Adobe to Buy MacroMedia for 3.4 Billion in Stock

Adobe Systems Incorporated (Nasdaq:ADBE) today announced a definitive agreement to acquire Macromedia (Nasdaq:MACR) in an all-stock transaction valued at approximately $3.4 billion.full release
Not entirely search related, but MacroMedia DreamWeaver & Adobe GoLive are two of the more popular web design software programs on the market. Additionally Adobe created PDF, PhotoShop, and Illustrator. MacroMedia has Flash and ColdFusion.

MacroMedia was also one of the first large software companies to have many employees blog about their work and products.

random tidbit: My old roommate's girlfriend used to work as the secretary for Allaire before MacroMedia bought them out.

Currently Adobe PDF is in a partnership to have their PDF search done with Yahoo! Search. According to the Wall Street Journal the combined Adobe / MacroMedia company looks to be taking on MicroSoft on many fronts.

Mr. Chizen, who took over as chief executive in 2000, has his sights on a larger business-software market, built around Adobe's document-management capabilities. Adobe's sales of such document-management servers were only about $100 million last year, but the company has revamped its salesforce and marketing efforts to push those products, which carry price tags of $50,000 and more.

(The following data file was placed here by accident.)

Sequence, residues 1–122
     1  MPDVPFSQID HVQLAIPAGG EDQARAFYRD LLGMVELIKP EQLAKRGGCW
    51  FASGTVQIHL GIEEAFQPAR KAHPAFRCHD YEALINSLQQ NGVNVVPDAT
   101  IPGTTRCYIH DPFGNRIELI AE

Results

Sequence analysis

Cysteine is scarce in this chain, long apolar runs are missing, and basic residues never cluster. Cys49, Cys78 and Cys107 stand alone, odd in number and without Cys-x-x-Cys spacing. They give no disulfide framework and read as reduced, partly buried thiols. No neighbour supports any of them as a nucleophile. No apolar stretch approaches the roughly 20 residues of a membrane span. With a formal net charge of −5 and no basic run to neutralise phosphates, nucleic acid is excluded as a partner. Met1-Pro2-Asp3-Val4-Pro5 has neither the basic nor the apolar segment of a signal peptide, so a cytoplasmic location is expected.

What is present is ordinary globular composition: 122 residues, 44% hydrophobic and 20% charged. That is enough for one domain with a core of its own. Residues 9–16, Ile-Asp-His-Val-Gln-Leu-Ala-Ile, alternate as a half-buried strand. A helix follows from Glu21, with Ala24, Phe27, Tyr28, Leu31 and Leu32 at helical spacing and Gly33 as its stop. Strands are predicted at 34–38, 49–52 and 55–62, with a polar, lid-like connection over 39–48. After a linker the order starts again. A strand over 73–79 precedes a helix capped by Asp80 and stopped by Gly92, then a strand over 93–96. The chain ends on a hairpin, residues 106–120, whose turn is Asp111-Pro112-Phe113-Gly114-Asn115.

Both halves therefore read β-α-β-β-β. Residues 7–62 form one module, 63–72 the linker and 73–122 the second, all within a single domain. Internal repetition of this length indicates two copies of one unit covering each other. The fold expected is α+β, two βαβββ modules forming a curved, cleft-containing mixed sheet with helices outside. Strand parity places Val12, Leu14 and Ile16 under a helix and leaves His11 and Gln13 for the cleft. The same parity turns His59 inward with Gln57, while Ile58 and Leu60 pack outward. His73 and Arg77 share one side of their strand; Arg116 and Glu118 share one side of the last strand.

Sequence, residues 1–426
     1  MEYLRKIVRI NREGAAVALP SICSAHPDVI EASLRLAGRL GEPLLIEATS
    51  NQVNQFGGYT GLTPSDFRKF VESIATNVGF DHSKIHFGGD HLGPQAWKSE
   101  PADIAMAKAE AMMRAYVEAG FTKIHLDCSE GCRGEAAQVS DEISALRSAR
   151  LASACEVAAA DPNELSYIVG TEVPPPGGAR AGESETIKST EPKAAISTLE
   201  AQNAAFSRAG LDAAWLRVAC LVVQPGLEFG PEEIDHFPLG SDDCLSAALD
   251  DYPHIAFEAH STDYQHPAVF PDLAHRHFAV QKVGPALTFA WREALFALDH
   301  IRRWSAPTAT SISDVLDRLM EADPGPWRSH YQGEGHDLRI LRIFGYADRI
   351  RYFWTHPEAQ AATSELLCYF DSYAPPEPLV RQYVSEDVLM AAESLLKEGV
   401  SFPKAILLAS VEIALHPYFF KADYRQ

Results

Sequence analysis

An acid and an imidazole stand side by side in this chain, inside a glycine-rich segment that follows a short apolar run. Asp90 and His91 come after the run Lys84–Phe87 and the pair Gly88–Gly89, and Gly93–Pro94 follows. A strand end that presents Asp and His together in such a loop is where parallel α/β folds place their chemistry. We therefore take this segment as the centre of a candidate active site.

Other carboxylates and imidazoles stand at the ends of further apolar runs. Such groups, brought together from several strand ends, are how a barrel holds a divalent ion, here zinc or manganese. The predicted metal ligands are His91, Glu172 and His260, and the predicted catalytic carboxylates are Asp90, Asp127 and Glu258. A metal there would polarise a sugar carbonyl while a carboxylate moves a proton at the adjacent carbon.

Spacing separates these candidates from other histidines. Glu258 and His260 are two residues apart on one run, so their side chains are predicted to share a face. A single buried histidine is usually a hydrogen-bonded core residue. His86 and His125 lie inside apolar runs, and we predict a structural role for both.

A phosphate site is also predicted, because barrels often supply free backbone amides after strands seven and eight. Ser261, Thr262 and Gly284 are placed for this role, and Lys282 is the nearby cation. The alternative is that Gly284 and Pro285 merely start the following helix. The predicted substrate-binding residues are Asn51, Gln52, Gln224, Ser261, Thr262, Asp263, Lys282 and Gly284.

Documents are the lifeblood of business and governments, and the ability to secure them, sign them and let everybody view them with the free Reader gives Adobe a major head start, he says. "The only other vendor that has that kind of penetration is Microsoft," Mr. Warzecha said.

Macromedia has been working to build its business selling multimedia tools to corporations and media companies. It wants to make Flash the underlying technology to enable users to work with a broad range of applications and devices, such as cellphones, in which small screens and the lack of a full keyboard present special challenges.

In Japan, for example, Macromedia says Flash is used by 60% of the more than 4,000 content suppliers for NTT DoCoMo, Japan's top mobile carrier. Macromedia predicts that in five years, 75% of mobile phones sold will have multimedia capabilities.

Could MicroSoft be fighting on too many fronts?

Published: April 18, 2005 by Aaron Wall in internet


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